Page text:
Apps for Good

  • Apps for Good

Thanks to an innovative creative learning programme, teens are designing, developing and even launching apps to make their world a better place – could your students join them?

I am Rebecca Jilks, 16, and together with my brother Ben, 14, I go to the Boswells School in Essex. Last year our fantastic computer teacher decided to run an after-school club offering the Apps for Good programme – the aim of which is to “build a new global generation of problem solvers and makers: students who can create, launch and market new products that change the world”.

The course taught us about the different types of apps available to a consumer and their many uses; with a strong practical element, too. Students work in teams, so as my brother is a keen programmer and I love design, we decided to collaborate. We were then encouraged to think of some everyday problems, and test our solutions out using market research. As part of the programme we also got to speak to industry experts, who gave us ideas and guidance.

Elements of success

We both think chemistry is very interesting, but found the periodic table quite daunting and a little dull at first, so we thought of a game where a player can explore a world to find hidden elements, learn interesting facts about them and then create simple compounds. After some more market research, which included looking at existing chemistry apps, we were then into the final stage of creating a video pitch to sell our app. With Ben’s IT skills we decided to make a short animated video with images of how we thought the game would look. We called our app My World of Atoms.

At the end of the course, we had the chance to enter our app into a competition with the prize of having it professionally developed and launched on Google Play. Much to our delight, out of over 22,000 students that took part with 700 hundred entries, we got through the final 18! We had to get a ‘pitch’ together using PowerPoint to promote our app. Both my brother and I are very shy and quiet, but a local businessman kindly came to the school to give us advice on how to best approach the day.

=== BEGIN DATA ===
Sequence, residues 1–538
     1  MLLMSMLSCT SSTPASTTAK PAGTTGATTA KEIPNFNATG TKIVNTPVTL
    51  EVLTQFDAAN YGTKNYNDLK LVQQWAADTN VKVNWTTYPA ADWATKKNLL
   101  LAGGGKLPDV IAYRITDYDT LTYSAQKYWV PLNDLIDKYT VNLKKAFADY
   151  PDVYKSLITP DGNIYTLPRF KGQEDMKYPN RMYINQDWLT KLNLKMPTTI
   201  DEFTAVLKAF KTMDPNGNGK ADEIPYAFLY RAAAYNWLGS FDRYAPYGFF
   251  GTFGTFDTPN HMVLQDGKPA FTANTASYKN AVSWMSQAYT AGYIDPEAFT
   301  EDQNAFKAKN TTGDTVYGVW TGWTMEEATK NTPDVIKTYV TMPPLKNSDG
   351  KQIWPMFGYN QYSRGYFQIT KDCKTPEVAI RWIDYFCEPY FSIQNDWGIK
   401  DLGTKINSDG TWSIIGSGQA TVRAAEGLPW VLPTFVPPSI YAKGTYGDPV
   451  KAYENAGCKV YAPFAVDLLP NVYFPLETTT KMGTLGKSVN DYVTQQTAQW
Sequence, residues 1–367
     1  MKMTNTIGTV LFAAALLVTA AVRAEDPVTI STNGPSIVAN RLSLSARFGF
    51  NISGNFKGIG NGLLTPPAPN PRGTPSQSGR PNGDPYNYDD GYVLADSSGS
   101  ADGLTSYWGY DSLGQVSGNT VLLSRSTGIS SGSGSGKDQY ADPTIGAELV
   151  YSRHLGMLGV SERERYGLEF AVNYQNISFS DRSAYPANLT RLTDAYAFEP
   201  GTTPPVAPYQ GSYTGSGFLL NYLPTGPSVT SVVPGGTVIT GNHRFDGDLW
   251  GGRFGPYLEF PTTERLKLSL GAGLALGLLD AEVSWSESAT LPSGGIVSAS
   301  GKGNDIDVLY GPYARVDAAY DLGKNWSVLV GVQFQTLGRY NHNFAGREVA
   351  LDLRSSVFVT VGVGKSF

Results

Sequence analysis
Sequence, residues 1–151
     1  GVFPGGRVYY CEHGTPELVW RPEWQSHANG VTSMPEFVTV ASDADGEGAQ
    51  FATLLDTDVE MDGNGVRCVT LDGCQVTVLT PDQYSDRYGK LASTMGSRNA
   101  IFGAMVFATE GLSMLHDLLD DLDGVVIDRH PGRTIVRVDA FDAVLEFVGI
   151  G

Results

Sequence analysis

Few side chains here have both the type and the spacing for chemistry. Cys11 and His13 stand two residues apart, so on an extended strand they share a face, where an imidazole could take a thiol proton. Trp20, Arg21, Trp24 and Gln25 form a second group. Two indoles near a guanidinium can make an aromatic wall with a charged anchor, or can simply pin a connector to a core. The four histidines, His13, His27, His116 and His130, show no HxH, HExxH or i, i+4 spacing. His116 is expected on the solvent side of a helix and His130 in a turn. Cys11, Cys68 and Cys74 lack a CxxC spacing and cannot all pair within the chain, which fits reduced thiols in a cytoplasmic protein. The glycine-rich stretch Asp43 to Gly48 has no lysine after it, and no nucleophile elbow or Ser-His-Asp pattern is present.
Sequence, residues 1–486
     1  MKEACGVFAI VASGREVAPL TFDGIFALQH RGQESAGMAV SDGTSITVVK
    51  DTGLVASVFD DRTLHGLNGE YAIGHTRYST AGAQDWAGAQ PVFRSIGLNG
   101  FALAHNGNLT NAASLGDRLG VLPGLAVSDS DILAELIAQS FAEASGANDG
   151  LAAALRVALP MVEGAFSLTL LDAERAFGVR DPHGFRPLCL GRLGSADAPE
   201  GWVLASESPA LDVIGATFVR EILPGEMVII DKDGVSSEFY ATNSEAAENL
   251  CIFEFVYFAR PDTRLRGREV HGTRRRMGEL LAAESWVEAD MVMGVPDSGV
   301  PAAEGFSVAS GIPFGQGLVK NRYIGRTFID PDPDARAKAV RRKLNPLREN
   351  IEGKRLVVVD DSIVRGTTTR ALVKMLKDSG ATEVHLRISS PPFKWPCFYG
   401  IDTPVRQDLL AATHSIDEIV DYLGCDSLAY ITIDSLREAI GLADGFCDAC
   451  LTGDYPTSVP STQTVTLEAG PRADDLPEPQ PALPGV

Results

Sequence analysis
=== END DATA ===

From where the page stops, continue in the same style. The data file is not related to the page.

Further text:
The 18th of June 2015 was non-stop. We woke up early, got the train to London and headed for the Barbican where we met all the finalists. There were four tech industry leaders and high profile experts who watched our video, listened to our ideas, and bombarded us with questions. We then went to the ‘market place’ where over 200 professionals from all sorts of companies asked us more questions. Finally, we all crowded into the theater for the winners to be announced… and discovered that we had won our category! We were so happy that we couldn’t stop smiling all the way back home.

Almost immediately we got lots of media interest and appeared in local papers; I even went on BBC Essex Radio to tell the listeners about our app. But now this was where the hard work really started. We were introduced to Simon, our fantastic games developer, who began to bring our idea to life. We had lots of meetings during and after school, and spent evenings and weekends making sure we were happy with the game.

When the app was at a stage it could be played on phones and tablets, we had a trial session at our school and found children aged between eight and 13 enjoyed and benefited from the app the most.

Going places

As My World of Atoms is a science based game, we were lucky enough to be offered a stall at the Colchester Big Bang event in December 2015. Before the day, I designed leaflets and a banner that our school kindly had printed for us. At first we found it very embarrassing promoting our app, but as the day went on it became much easier and more enjoyable talking to students and teachers, and we got great feedback.

The official launch was 4th February and in the first three weeks My World of Atoms (free, with no ads) had over 300 downloads, which was fantastic. Teachers say they love the app, but we’ve found not so many schools have android tablets. Now we are going to phase 2 and fund raising for a launch on the IOS App Store, which we hope to have ready for schools in May.

We have had to fit everything around our GSCE studies, but have really found the whole process so valuable. For example, we are both much more confident now speaking to new people and professionals. The many contacts we have made also helped Ben get a great work placement – and believe it or not, I have my first commission to design a logo for a company, whilst still in year 11!

For information, visit appsforgood.org